Use this URL to cite or link to this record in EThOS: https://ethos.bl.uk/OrderDetails.do?uin=uk.bl.ethos.779836
Title: Development of a Segmented Fractional Plan (SFP) to aid the implementation of Six Sigma in SMEs
Author: Ozoemena, Chukwunonso Emmanuel
ISNI:       0000 0004 7965 5308
Awarding Body: Northumbria University
Current Institution: Northumbria University
Date of Award: 2016
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Abstract:
Six sigma is a statistically based, project-oriented process improvement strategy with documented successes of its usage in both large and small to medium sized enterprises. Although six sigma has been successful used by some small and medium sized enterprises (SMEs), a number of SMEs have cited the lack of resources as a factor impeding the use of six sigma. This research aims to develop an experimental plan to aid manufacturing SMEs implement six sigma at low cost. A statistical technique used with six sigma which can be resource intensive is the factorial technique used in the design of experiments. As the number of factors in a full factorial experiment increases, so does the number of experimental runs needed to conduct the experiment. This can lead to a considerably high amount of experimental runs when the factors to be studied are each represented in three levels (3-level experiments). To aid the implementation of six sigma in SMEs, this research developed an experimental plan referred to as a Segmented Fractional Plan (SFP) for fractionating 3-level full factorial experiments when 3 and 4 factors are to be studied (33 and 34 full factorial experiments). The SFP was tested using published data on designed experiments and its performance was compared to Orthogonal Arrays (OAs) using the aforementioned data on designed experiments and a laboratory experiment. The findings from the comparisons show that to identify the process setting that produces the desired product quality, with a reduced number of experimental runs, the SFP can perform as well as or better than some OAs thus, providing an option for economic experimentation when fractionating 33 and 34 full factorial experiments.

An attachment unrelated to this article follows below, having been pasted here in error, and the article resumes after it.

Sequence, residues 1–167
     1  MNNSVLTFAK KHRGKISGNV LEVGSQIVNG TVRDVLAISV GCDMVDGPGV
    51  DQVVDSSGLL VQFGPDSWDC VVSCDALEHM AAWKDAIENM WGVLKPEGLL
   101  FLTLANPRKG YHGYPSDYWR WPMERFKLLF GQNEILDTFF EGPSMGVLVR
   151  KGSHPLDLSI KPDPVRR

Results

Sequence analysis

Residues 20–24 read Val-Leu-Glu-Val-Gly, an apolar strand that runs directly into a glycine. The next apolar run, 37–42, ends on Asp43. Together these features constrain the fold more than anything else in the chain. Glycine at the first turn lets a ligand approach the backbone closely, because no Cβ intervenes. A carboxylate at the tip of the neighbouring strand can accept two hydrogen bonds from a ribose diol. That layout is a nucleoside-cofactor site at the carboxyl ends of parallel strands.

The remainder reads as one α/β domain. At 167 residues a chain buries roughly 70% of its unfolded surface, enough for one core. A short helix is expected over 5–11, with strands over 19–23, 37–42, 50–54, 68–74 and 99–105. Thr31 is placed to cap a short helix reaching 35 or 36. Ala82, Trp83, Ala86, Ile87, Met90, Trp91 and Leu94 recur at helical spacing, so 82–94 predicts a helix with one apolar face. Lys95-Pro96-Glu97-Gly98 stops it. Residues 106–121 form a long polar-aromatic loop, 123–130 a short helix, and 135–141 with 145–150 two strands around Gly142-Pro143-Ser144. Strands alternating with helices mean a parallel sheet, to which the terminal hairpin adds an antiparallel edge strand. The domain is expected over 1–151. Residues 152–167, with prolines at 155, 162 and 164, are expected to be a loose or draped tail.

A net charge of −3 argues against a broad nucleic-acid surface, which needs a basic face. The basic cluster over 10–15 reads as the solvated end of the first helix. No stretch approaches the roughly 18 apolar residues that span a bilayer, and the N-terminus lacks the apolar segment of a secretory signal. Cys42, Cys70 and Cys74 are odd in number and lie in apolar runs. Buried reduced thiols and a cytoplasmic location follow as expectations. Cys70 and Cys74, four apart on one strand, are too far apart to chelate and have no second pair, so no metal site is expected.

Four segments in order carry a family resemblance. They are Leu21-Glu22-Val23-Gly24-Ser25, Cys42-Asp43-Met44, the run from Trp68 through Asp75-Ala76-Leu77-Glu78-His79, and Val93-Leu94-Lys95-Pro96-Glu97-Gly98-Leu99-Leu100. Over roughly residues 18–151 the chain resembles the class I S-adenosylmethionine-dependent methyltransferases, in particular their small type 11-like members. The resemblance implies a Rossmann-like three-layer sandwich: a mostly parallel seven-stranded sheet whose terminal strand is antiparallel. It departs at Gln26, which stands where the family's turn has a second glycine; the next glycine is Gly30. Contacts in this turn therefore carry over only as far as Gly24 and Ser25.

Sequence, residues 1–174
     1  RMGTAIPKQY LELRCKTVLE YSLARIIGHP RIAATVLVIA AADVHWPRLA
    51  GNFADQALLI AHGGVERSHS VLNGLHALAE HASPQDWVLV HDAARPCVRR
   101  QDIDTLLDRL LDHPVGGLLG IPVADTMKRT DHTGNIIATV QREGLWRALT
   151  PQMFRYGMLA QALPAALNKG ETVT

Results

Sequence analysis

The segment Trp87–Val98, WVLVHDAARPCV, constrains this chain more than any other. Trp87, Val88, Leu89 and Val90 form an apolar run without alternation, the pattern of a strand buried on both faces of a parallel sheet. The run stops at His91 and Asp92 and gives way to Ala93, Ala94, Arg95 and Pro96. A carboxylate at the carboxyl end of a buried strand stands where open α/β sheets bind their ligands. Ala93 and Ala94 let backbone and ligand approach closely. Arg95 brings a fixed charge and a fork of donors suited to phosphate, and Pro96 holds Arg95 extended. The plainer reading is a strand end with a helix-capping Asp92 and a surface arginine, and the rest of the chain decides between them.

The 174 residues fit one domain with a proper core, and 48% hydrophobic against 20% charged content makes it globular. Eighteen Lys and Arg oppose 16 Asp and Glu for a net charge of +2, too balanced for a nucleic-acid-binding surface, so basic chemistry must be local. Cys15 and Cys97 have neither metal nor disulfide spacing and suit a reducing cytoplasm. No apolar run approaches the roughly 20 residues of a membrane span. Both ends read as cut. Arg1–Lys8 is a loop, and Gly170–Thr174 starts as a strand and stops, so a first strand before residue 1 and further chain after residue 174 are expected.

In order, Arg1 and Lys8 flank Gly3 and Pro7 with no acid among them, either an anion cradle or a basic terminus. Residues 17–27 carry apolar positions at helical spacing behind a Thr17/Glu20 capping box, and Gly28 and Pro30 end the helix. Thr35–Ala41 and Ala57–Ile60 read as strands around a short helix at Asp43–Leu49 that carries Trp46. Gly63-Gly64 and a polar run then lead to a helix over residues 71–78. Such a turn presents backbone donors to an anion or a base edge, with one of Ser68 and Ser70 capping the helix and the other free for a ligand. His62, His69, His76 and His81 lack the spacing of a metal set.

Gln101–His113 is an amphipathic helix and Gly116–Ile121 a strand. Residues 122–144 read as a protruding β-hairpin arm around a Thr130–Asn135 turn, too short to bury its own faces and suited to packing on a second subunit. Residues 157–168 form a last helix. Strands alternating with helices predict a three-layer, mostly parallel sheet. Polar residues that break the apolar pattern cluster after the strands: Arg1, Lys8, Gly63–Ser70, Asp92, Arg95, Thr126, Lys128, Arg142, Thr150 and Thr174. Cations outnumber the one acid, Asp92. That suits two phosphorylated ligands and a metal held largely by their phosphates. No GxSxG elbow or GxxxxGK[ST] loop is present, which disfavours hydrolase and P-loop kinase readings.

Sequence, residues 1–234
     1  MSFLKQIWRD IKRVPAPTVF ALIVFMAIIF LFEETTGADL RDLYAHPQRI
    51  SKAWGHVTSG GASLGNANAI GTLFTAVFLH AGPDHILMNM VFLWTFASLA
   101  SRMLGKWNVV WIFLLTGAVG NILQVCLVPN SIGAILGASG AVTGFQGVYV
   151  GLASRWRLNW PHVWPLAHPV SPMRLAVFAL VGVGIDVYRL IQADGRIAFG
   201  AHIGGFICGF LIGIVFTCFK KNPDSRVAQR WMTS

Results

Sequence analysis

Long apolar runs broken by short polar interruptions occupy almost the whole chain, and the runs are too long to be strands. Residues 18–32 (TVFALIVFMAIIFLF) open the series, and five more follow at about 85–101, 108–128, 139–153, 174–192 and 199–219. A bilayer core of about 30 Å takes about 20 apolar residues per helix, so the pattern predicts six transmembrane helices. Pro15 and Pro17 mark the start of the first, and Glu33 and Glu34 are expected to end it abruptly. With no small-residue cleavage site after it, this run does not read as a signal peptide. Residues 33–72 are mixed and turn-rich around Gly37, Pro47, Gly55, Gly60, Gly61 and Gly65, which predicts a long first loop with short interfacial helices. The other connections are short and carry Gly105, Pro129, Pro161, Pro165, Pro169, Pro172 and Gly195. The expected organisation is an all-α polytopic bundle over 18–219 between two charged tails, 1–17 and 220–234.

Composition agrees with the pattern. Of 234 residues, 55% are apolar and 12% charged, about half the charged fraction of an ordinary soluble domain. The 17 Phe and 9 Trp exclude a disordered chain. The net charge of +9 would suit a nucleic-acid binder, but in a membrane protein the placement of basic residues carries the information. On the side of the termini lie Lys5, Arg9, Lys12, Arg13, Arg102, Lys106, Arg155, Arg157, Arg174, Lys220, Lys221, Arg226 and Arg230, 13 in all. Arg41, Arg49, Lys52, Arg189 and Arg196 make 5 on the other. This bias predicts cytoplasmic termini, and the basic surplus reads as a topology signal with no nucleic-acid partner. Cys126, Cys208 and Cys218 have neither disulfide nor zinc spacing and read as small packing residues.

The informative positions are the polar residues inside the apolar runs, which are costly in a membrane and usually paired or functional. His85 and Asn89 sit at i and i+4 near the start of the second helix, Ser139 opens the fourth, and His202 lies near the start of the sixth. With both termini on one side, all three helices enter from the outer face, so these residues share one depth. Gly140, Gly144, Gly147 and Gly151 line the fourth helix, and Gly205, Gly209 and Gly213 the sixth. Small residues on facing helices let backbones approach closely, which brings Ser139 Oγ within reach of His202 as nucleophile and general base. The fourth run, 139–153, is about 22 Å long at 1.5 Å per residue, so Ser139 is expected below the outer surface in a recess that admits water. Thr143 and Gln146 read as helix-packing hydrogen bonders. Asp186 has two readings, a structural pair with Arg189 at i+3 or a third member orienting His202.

Supervisor: Hackney, Philip Sponsor: Not available
Qualification Name: Thesis (Ph.D.) Qualification Level: Doctoral
EThOS ID: uk.bl.ethos.779836  DOI: Not available
Keywords: N200 Management studies
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